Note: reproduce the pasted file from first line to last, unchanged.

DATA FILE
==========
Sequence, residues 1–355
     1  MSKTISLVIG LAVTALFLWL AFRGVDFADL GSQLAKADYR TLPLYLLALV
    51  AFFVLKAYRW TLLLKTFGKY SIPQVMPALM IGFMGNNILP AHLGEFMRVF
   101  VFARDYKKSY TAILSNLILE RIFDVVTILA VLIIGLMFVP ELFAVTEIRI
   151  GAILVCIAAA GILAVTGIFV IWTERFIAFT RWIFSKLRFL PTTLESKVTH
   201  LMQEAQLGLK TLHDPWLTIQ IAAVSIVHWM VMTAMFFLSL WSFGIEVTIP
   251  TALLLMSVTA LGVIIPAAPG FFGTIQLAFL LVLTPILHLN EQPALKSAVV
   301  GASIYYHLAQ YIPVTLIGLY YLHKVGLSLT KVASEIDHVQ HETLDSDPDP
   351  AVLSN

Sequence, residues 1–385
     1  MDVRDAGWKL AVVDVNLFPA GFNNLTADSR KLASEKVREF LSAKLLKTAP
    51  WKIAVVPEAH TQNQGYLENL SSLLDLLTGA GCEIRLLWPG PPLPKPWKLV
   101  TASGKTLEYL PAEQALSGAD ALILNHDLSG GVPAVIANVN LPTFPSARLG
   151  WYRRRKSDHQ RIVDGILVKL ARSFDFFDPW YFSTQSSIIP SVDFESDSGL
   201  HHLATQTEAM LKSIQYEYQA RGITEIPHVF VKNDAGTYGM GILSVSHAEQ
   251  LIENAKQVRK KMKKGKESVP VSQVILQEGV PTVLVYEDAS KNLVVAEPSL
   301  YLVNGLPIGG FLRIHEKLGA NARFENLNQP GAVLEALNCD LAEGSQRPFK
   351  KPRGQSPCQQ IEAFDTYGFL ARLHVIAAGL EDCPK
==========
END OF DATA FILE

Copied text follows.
Sequence, residues 1–355
     1  MSKTISLVIG LAVTALFLWL AFRGVDFADL GSQLAKADYR TLPLYLLALV
    51  AFFVLKAYRW TLLLKTFGKY SIPQVMPALM IGFMGNNILP AHLGEFMRVF
   101  VFARDYKKSY TAILSNLILE RIFDVVTILA VLIIGLMFVP ELFAVTEIRI
   151  GAILVCIAAA GILAVTGIFV IWTERFIAFT RWIFSKLRFL PTTLESKVTH
   201  LMQEAQLGLK TLHDPWLTIQ IAAVSIVHWM VMTAMFFLSL WSFGIEVTIP
   251  TALLLMSVTA LGVIIPAAPG FFGTIQLAFL LVLTPILHLN EQPALKSAVV
   301  GASIYYHLAQ YIPVTLIGLY YLHKVGLSLT KVASEIDHVQ HETLDSDPDP
   351  AVLSN

Sequence, residues 1–385
     1  MDVRDAGWKL AVVDVNLFPA GFNNLTADSR KLASEKVREF LSAKLLKTAP
    51  WKIAVVPEAH TQNQGYLENL SSLLDLLTGA GCEIRLLWPG PPLPKPWKLV
   101  TASGKTLEYL PAEQALSGAD ALILNHDLSG GVPAVIANVN LPTFPSARLG
   151  WYRRRKSDHQ RIVDGILVKL ARSFDFFDPW YFSTQSSIIP SVDFESDSGL
   201  HHLATQTEAM LKSIQYEYQA RGITEIPHVF VKNDAGTYGM GILSVSHAEQ
   251  LIENAKQVRK KMKKGKESVP VSQVILQEGV PTVLVYEDAS KNLVVAEPSL
   301  YLVNGLPIGG FLRIHEKLGA NARFENLNQP GAVLEALNCD LAEGSQRPFK
   351  KPRGQSPCQQ IEAFDTYGFL ARLHVIAAGL EDCPK